Unquestionably one of McDowell's best is Syrah, 1982. It is an elegant, jammy and intense wine, full bodied and rich. There is a lot of peppery, raspberry flavor here coupled with a silky leanness that makes for easy generous drinking. Because of high alcohol at 13.8%, sip rather than quaff the wine. It is a most attractive red at less than $10.

The Syrah grape is used primarily to make France's Rhone wines, namely Chateauneuf-du-Pape, and is generally a slow-maturing, high-tannin wine, not to be confused with California's widely grown Petite Sirah variety. Few California wineries today are making Syrah, adding a dimension of uniqueness and encouragement for holding on to 65-year-old vines that provide a meager yield of 2 1/2 tons to the acre.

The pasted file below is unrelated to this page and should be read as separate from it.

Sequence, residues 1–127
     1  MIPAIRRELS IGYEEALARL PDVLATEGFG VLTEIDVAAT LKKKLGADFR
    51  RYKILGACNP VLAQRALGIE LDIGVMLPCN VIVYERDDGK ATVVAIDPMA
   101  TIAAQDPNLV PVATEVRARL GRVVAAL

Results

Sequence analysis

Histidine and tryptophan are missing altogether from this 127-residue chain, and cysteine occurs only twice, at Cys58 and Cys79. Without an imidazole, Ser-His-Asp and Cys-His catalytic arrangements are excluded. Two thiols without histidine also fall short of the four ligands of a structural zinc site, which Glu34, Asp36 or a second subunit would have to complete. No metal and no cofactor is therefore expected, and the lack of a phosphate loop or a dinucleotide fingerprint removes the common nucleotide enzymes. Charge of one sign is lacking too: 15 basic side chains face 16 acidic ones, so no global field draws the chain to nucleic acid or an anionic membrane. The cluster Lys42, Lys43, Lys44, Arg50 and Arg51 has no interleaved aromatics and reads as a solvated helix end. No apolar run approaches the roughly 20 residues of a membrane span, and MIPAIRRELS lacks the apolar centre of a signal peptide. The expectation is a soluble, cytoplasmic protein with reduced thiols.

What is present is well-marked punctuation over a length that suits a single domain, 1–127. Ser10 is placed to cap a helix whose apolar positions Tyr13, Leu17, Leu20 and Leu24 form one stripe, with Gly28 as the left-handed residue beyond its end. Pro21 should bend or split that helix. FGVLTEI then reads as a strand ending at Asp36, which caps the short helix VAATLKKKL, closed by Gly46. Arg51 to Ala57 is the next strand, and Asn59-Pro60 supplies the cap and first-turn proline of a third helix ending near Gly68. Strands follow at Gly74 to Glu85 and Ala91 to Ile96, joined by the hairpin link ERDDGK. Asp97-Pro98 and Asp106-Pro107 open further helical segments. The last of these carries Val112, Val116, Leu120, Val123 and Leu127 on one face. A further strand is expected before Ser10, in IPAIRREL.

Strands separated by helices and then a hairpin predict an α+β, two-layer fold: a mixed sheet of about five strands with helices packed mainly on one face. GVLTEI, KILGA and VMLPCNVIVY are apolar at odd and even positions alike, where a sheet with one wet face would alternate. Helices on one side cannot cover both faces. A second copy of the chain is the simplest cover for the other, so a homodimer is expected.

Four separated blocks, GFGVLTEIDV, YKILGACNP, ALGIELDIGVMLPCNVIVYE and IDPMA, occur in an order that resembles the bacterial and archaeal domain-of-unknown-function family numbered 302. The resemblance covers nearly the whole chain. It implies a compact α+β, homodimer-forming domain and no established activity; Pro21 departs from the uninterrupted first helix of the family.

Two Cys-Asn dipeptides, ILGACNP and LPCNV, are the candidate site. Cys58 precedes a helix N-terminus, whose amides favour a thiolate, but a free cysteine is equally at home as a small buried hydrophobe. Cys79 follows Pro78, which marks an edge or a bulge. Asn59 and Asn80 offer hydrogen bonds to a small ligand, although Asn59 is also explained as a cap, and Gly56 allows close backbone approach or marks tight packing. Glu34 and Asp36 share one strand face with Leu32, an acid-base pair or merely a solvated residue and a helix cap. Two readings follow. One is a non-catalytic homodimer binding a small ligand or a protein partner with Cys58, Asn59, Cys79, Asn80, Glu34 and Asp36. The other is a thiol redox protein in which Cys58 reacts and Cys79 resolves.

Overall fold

The 1981 version is even better with an assertive, spiced berrylike nose in a medium-bodied, chewy, soft style. Here again, sip rather than quaff and consider it as an after-dinner wine to better enjoy its layers of complexities and subtleties. The 13.6% alcohol heats the finish a bit. It is also an attractive buy at the same price as the '82.

Keehn is assisted by John Buechsenstein, a UC Davis enologist, who has worked under veteran wine makers Walter Schug (Joseph Phelps Winery) and Dr. Richard Peterson (Monterey Vineyard).

'Assistant Wine Maker'